July 08: Back in baby’s arms

July 08: Back in baby’s arms

Imagine a loyal, reliable partner, the kind who will rub your back, pluck your nose hairs and take you aside to tell you when you have that little bit of white gunk on the corner of your mouth. Sure, he or she might not be the most exciting figure, and Lord knows they can be high maintenance, but there they are every Friday night, with a great big smile, tub of ice cream and red Netflix envelope in hand.

Now imagine the new girl or guy in town, the one with the fast car, nice ass, and wads of money that they promise to blow on you at all the hottest clubs in town.

So you spend something like the next 10 years’ worth of Friday nights with Mr. or Ms. Excitement, only to have it all come crashing down in, oh, let’s say July 2006. Where do you take your broken heart? Right back to Mr./Ms. Reliable, who welcomes you back with open arms.

Such is the story of mortgages backed by the Federal Housing Administration (FHA). In those heady days of 100-percent financing and NINA loans (no income, no assets), the FHA loans—created during the Great Depression and which traditionally were reliable mortgages for middle-income, first-time homebuyers—lost a lot of their sheen.

Because they were insured, they tended to be a little more expensive up front. And because it’s the federal government doing the insuring, that meant a bureaucratic rigmarole, lots of paperwork, lots of verification. But were they reliable? Absolutely. Low maintenance? Not on your life.

See where this is heading?

During the housing boom, when anyone and everyone who wanted a mortgage could get one, the FHA loans fell out of favor, or more accurately, were pushed out of the market by loans that didn’t require down payments, verification, or a slog through reams of paperwork. With absurdly loose lending restrictions the fashion, FHA loans accounted for 6 percent of originations in 2006. Compare that to 2001, when FHA loans made up 19 percent of mortgages.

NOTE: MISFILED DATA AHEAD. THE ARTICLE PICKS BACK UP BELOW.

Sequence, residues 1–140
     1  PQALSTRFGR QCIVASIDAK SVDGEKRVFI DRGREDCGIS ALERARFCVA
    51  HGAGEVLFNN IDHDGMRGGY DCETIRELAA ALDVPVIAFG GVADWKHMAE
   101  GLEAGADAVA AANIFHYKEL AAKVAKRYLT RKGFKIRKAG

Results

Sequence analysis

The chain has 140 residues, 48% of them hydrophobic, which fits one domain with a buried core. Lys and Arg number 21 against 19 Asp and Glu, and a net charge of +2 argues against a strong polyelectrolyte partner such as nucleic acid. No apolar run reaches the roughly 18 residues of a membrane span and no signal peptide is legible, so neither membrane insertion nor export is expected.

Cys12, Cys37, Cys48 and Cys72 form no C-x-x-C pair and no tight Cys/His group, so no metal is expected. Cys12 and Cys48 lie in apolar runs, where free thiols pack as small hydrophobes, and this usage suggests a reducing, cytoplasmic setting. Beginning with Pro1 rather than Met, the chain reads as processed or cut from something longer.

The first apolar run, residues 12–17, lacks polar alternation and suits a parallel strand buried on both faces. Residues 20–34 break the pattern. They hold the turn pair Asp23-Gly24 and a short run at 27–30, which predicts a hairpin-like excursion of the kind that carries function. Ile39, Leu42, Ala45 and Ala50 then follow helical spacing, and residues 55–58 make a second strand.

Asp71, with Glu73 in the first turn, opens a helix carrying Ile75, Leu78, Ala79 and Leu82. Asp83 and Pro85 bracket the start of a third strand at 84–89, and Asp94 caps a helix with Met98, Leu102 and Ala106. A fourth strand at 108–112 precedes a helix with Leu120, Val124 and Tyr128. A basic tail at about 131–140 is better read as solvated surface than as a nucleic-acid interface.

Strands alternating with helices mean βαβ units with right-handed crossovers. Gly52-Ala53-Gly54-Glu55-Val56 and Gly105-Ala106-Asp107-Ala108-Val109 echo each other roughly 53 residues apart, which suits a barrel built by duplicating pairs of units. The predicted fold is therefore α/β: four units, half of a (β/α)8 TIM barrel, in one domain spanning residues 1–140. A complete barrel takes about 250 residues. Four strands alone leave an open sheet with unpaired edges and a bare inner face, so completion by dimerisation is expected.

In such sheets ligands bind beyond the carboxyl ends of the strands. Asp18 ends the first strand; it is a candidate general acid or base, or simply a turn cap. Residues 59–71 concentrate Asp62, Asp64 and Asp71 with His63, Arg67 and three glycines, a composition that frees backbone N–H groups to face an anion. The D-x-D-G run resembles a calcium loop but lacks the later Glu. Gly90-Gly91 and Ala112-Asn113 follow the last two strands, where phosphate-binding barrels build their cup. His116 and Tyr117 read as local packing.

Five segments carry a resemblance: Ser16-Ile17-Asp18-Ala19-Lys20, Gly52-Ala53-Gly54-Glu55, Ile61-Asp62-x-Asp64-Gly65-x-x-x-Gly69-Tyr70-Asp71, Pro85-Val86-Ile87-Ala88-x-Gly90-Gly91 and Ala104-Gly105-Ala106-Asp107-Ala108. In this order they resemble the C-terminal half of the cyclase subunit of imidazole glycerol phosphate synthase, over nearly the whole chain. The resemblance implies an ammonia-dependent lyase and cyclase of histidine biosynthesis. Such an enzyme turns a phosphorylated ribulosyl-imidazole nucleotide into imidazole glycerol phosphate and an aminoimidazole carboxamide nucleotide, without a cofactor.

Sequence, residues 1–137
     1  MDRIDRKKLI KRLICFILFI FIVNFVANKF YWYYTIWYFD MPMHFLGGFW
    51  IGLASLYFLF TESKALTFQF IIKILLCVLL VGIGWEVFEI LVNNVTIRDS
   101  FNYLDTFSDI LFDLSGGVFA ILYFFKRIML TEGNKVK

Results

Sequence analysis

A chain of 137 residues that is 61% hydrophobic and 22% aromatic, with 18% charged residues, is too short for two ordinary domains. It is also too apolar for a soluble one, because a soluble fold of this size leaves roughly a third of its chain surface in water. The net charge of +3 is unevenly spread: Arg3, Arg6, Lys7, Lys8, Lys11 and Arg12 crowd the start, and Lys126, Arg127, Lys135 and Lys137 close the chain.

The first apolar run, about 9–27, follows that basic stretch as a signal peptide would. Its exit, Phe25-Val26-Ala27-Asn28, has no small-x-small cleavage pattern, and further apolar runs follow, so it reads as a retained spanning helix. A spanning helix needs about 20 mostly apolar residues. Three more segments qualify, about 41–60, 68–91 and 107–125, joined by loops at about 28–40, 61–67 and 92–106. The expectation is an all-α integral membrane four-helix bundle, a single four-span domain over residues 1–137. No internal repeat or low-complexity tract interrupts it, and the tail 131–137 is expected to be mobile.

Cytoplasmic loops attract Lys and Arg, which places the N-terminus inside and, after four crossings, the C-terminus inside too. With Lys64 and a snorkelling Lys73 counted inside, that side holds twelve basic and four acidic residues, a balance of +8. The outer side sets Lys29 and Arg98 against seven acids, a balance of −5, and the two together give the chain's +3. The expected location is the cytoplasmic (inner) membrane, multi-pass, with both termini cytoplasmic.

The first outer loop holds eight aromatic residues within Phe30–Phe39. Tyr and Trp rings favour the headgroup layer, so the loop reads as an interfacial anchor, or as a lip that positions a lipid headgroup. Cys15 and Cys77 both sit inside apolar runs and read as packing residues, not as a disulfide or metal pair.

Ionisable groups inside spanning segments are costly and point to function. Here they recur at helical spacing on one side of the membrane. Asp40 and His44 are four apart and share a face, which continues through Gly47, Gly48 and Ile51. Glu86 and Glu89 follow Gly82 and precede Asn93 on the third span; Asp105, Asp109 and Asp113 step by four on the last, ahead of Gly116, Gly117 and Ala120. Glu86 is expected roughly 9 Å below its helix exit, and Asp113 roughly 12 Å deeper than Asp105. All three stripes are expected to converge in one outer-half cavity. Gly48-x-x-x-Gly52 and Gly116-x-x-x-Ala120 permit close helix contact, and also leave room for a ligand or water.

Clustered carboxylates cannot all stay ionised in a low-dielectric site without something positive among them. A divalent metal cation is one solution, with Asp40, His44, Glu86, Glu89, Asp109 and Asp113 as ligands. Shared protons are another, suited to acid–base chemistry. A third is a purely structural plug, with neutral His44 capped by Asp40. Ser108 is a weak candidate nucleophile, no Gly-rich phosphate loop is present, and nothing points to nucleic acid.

But now that the credit markets are in tatters and lending restrictions have tightened up with a vengeance, buyers are coming back around to the FHA loans. According to The Washington Post, the number of FHA loans more than doubled in the first quarter of 2008.

Peggy Deane, vice president of Member Options, which provides mortgage services to the UVA Credit Union, says that she’s seen a resurgence in FHA products.

“We are back in an FHA market,” says Deane. “Over 50 percent of our new originations are FHA loans.”

Doug Adamson of Bank of America also sees signs that FHA loans are on the rise. He says that about two years ago BoA built a state-of-the-art processing program specially for government-backed loans. It was originally able to handle $4 billion in loans a year. This year, though, BoA is projecting about $12 billion in loans.

The comeback of FHA loans was spurred by federal legislation that temporarily raised FHA loan limits, which brought more people into its pool of potential clients. In the Charlottesville area, the loan limit for a family of four increased to $817,300.

The FHA loans are also more forgiving of issues in credit scores, one of the requirements that have tightened considerably on conventional, conforming loans. And now that there are little to no more 100-percent financing options out there, old Mr./Ms. Reliable is starting to look pretty good again.

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